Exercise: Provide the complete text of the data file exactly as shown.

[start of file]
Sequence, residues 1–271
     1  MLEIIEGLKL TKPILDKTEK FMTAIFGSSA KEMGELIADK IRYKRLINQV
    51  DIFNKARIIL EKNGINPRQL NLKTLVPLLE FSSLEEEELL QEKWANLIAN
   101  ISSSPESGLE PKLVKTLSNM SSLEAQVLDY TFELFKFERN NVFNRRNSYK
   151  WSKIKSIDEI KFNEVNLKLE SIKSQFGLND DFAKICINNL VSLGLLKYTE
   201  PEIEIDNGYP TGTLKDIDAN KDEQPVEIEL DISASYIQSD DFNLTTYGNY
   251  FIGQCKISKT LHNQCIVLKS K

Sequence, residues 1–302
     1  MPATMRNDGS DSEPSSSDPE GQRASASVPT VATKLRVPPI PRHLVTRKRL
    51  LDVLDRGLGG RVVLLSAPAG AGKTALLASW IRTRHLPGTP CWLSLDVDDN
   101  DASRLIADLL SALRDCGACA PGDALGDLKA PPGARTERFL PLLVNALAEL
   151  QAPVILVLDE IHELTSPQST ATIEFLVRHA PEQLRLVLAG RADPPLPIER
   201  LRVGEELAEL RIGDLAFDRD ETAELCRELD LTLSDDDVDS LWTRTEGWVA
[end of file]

Sequence, residues 1–271
     1  MLEIIEGLKL TKPILDKTEK FMTAIFGSSA KEMGELIADK IRYKRLINQV
    51  DIFNKARIIL EKNGINPRQL NLKTLVPLLE FSSLEEEELL QEKWANLIAN
   101  ISSSPESGLE PKLVKTLSNM SSLEAQVLDY TFELFKFERN NVFNRRNSYK
   151  WSKIKSIDEI KFNEVNLKLE SIKSQFGLND DFAKICINNL VSLGLLKYTE
   201  PEIEIDNGYP TGTLKDIDAN KDEQPVEIEL DISASYIQSD DFNLTTYGNY
   251  FIGQCKISKT LHNQCIVLKS K

Sequence, residues 1–302
     1  MPATMRNDGS DSEPSSSDPE GQRASASVPT VATKLRVPPI PRHLVTRKRL
    51  LDVLDRGLGG RVVLLSAPAG AGKTALLASW IRTRHLPGTP CWLSLDVDDN
   101  DASRLIADLL SALRDCGACA PGDALGDLKA PPGARTERFL PLLVNALAEL
   151  QAPVILVLDE IHELTSPQST ATIEFLVRHA PEQLRLVLAG RADPPLPIER
   201  LRVGEELAEL RIGDLAFDRD ETAELCRELD LTLSDDDVDS LWTRTEGWVA